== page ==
Credit Unions: Market Niche or Market Accommodation?

Laurie Mook, John Maiorano, Jack Quarter

Research output: Contribution to journalArticlepeer-review

14 Scopus citations


Credit unions, nonprofit mutual associations also called financial cooperatives, have a lengthy history. The World Council of Credit Unions reports that credit unions are found in 101 countries representing 56,000 credit unions, more than 200 million members, and $1.7 trillion in assets. This study, following earlier research in Canada that found that credit unions are more prevalent in rural communities and small towns relative to the general population and to banks, examines credit union and bank branches in three U.S. states (Arizona, New Hampshire, and Wisconsin). We find that credit union branches are strongly represented in sizable urban communities, and are more likely to be located in low-income zip code areas than banks. The data show not only evidence of a credit union niche market but also a tension between social and economic objectives, and that credit unions accommodate themselves to profit norms, what we refer to as market accommodation.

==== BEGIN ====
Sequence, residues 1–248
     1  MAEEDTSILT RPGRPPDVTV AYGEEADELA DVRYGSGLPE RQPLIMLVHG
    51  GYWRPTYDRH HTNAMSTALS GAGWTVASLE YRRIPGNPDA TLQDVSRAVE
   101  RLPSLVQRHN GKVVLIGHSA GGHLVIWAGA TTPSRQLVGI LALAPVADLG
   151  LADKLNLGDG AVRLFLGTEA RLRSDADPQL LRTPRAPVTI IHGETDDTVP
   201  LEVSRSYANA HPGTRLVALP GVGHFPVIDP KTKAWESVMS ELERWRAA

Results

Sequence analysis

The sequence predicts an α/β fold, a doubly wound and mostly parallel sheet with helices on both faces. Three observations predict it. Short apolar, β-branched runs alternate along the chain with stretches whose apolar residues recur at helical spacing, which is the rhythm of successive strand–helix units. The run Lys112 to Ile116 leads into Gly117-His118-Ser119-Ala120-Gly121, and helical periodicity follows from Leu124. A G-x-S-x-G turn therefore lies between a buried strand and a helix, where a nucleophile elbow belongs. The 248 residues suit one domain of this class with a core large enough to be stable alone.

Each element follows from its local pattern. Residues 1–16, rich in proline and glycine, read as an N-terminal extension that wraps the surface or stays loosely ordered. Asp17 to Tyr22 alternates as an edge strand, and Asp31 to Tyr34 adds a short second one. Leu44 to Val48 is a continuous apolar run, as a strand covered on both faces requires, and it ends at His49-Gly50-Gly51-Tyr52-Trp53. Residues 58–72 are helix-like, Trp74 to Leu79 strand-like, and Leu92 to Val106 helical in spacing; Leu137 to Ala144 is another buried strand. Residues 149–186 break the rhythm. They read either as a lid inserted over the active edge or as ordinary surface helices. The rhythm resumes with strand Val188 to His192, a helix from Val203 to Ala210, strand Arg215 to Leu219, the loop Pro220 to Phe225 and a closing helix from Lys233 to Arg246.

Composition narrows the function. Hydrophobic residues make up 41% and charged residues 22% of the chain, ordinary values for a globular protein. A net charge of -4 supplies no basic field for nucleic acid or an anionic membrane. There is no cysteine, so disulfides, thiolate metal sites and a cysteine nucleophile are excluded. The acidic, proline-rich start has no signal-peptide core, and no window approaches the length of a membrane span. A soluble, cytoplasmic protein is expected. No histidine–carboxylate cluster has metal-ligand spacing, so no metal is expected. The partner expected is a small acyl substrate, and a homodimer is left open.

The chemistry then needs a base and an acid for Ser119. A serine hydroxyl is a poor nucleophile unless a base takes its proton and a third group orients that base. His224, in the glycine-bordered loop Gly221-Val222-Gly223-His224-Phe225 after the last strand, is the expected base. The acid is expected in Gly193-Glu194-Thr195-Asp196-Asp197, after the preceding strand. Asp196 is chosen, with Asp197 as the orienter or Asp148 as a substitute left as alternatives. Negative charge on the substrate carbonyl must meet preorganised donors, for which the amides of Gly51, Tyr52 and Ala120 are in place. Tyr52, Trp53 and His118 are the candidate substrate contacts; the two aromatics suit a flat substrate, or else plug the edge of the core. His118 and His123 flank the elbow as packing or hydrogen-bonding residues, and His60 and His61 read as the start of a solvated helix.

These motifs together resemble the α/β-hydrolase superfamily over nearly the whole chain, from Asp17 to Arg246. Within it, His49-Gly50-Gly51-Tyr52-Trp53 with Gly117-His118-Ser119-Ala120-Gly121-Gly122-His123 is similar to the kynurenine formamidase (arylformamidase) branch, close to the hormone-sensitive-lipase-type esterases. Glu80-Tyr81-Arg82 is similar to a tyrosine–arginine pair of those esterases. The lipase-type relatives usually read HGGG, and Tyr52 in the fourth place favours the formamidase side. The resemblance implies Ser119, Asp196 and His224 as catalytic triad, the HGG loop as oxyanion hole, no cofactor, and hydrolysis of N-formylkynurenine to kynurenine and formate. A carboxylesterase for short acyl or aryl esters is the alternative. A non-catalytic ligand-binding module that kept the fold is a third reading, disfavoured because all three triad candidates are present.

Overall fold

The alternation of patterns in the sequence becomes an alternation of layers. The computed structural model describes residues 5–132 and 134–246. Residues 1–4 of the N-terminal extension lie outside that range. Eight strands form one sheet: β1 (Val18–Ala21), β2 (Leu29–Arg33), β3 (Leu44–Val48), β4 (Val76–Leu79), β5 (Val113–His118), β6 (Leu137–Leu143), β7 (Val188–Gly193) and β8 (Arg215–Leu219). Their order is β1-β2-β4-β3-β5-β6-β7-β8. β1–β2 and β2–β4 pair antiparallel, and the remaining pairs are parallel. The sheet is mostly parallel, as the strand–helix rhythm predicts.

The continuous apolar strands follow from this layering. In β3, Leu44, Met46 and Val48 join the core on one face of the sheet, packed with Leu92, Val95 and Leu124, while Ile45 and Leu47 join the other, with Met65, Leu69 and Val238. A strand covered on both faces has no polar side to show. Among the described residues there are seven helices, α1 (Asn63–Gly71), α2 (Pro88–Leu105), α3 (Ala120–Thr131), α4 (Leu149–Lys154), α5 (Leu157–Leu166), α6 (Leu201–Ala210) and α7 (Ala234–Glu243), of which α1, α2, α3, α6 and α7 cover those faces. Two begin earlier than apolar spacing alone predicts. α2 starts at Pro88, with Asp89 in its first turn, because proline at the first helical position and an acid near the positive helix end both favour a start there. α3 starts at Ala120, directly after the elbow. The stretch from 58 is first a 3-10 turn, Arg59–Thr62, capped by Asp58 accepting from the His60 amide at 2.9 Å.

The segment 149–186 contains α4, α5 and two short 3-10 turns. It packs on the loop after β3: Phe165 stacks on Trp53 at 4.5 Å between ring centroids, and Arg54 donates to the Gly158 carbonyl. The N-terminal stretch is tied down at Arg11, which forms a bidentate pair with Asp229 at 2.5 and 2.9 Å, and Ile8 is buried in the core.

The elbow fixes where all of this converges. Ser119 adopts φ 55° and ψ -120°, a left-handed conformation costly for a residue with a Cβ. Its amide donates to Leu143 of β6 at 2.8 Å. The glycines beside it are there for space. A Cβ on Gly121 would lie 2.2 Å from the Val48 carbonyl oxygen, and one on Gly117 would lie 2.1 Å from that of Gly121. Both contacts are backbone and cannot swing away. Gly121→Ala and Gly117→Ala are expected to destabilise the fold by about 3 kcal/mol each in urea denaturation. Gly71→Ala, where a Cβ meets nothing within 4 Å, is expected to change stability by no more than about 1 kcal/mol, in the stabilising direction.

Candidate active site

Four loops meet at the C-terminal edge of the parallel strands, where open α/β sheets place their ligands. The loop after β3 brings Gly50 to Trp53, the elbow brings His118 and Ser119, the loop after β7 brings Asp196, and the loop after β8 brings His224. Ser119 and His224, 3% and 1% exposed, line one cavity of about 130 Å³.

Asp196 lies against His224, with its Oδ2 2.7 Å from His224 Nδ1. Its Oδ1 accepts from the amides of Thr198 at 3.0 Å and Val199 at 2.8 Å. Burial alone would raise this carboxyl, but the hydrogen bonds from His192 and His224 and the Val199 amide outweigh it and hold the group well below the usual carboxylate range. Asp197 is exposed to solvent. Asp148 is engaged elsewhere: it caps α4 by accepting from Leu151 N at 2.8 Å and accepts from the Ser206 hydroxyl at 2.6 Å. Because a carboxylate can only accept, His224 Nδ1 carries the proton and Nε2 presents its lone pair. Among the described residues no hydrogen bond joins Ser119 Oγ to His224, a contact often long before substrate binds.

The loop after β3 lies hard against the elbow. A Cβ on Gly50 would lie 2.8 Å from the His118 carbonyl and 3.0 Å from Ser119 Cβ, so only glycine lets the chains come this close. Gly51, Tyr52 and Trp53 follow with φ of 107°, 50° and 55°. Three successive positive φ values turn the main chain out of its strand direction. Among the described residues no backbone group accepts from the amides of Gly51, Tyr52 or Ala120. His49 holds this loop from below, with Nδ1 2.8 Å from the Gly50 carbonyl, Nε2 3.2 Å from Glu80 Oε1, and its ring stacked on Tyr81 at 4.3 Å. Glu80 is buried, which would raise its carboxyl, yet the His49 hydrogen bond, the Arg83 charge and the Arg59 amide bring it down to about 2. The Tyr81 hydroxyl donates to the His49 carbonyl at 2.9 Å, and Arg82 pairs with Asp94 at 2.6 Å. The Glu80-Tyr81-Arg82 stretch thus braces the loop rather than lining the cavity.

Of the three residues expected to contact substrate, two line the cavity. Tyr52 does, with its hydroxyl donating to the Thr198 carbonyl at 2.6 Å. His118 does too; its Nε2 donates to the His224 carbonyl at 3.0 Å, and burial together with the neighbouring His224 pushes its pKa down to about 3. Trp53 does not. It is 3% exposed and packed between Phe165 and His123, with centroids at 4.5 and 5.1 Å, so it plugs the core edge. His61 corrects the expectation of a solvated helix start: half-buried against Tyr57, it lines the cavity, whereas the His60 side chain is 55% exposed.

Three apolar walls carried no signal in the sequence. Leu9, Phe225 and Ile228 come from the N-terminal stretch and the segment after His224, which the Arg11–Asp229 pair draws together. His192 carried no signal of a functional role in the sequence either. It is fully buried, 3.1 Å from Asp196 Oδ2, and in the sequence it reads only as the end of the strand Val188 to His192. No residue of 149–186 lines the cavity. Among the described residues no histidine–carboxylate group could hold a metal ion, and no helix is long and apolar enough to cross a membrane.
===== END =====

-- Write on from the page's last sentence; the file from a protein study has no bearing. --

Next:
Original languageEnglish (US)
Pages (from-to)814-831
Number of pages18
JournalNonprofit and Voluntary Sector Quarterly
Issue number4
StatePublished - Aug 28 2015


  • cooperatives
  • credit unions
  • market accommodation
  • market niche
  • social economy

ASJC Scopus subject areas

  • Social Sciences (miscellaneous)


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